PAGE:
Quick Review: Buñuel in the Labyrinth of the Turtles

Row House brings an animated film about the influential filmmaker to its Surrealism Week.

PHOTO COURTESY GKIDS

I can’t profess to be particularly familiar with the surrealist filmmaker Luis Buñuel. I’ve engaged in the troubling viewing of “Un Chien Andalou” that every self-respecting movie guy must endure, but beyond that, I regret that I haven’t embarked on any particular study of his work.

And yet a very specific look at the artist resonated with me. “Buñuel in the Labyrinth of the Turtles,” an animated depiction of the filming of Buñuel’s 1933 movie “Las Hurdas: Tierra Sin Pan,” is a striking, witty and wistful portrait of the artist, raising (but never answering) provocative questions about truth in art.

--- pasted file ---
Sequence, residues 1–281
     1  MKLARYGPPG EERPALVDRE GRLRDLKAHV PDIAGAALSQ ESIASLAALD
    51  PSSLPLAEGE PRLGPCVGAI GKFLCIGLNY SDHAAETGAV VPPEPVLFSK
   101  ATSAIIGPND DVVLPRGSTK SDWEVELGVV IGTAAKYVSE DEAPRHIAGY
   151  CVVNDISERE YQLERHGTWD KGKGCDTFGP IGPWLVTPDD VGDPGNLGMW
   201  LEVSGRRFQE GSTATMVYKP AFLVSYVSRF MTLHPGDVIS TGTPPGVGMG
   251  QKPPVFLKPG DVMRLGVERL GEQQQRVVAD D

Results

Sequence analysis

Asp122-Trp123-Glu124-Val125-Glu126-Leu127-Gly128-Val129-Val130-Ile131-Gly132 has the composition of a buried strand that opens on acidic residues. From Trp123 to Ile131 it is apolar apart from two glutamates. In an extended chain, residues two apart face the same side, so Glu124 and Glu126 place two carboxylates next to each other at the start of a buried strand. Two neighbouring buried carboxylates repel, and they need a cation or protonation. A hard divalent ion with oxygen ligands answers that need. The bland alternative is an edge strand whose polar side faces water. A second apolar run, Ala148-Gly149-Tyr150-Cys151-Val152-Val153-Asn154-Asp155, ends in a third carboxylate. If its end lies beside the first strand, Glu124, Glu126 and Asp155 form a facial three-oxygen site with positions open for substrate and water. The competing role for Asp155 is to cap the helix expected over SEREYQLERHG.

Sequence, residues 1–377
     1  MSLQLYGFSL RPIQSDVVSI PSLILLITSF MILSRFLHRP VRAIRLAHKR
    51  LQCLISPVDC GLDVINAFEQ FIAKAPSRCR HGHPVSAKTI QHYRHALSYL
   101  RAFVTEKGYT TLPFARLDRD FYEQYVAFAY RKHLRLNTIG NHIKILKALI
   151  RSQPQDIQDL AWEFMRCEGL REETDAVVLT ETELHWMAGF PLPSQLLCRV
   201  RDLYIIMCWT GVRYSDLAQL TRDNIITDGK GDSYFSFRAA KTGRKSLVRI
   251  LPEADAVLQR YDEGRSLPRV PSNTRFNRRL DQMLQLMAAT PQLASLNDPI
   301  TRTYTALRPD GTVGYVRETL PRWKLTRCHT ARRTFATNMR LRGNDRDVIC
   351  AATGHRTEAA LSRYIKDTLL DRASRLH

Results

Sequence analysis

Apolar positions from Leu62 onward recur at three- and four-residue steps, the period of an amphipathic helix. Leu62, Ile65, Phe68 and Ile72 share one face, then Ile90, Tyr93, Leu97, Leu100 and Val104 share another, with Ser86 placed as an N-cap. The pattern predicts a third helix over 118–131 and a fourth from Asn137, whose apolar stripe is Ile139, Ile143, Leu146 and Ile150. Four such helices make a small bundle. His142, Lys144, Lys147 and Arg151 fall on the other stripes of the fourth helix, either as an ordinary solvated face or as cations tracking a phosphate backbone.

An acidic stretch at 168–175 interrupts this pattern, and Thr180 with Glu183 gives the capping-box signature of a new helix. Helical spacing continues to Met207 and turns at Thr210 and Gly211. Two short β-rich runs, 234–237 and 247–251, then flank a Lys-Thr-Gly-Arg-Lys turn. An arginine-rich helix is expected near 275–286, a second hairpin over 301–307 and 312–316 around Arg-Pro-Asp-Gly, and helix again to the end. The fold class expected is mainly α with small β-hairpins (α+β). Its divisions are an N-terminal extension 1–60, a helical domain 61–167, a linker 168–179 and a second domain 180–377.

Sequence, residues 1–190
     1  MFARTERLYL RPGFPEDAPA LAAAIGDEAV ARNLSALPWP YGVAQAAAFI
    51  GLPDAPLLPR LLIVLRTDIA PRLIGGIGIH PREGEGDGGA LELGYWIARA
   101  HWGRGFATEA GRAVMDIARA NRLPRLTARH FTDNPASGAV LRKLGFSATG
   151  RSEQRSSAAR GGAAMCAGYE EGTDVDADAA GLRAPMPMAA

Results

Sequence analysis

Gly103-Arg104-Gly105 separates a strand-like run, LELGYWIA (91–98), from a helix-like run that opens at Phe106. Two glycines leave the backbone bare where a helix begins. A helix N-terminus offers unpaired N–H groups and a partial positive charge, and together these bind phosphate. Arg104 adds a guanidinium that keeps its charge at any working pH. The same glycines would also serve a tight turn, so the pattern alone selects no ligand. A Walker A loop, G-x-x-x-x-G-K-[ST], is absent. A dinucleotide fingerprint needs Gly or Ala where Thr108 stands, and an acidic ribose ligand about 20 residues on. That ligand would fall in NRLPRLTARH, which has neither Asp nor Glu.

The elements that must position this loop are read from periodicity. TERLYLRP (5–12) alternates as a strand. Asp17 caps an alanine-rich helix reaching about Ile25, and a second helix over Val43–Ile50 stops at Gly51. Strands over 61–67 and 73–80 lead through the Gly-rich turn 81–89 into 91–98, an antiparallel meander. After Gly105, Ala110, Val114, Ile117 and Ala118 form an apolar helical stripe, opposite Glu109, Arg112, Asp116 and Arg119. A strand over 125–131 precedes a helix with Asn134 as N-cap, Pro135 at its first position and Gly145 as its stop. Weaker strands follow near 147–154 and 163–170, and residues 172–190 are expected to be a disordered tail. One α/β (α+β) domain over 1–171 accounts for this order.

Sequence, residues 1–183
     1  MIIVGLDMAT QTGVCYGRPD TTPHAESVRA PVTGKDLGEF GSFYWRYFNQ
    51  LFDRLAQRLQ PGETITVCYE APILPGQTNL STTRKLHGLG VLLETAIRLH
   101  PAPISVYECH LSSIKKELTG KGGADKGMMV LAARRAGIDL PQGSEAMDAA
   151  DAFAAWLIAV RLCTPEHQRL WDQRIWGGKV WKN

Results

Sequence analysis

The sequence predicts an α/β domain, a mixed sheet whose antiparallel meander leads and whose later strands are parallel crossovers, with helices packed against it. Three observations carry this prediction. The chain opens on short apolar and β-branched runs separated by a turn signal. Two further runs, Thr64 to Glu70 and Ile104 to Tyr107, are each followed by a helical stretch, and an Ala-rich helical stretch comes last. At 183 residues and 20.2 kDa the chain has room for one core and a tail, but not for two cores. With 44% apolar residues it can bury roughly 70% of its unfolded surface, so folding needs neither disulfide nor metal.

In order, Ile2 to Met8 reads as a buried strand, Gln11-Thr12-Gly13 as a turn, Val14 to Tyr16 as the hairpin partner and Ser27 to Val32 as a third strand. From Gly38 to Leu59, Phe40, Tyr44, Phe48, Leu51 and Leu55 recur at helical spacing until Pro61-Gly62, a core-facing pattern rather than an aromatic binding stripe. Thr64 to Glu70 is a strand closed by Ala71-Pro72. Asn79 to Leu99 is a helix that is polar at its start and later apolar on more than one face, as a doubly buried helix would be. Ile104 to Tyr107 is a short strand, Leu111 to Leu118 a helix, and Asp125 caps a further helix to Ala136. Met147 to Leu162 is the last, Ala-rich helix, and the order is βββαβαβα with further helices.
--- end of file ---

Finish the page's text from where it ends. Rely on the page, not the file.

“Labyrinth of the Turtles,” which appears as part of Row House Cinema’s Surrealism Week, sees Buñuel struggling in the wake of outrage provoked by his controversial “L’Age d’Or.” When a friend, Ramon Acin, promises to finance a film if he wins the lottery — and then wins the lottery — Buñuel begins work on an ambitious pseudo-documentary. “Labyrinth of the Turtles” depicts (and perhaps exaggerates) the plight of poverty-stricken residents of Spain’s rocky Las Hurdas region.

There are lovely bouts of surrealism in “Labyrinth of the Turtles,”, particularly in the form of Buñuel’s troubling dreams. Its most beautiful moments, however, depict the struggle of the artist to define his own place and attitude; the image that stands out to me is not one of the inventive (or disturbing) scenes, but rather one of Buñuel staring at the rain, waiting for it to pass so filming can resume.

Viewers should be aware that “Labyrinth of the Turtles” includes some footage from the original film, including scenes depicting (real) violence against animals. Those shocks aside, however, it’s an impressive and affecting work.

“Labyrinth of the Turtles” will be screened this week alongside one of Buñuel’s later classics, the Oscar-winning “Discreet Charm of the Bourgeoisie.” David Lynch’s excellent “Mulholland Drive” and Jan Svankmajer’s “Alice” round out the lineup.

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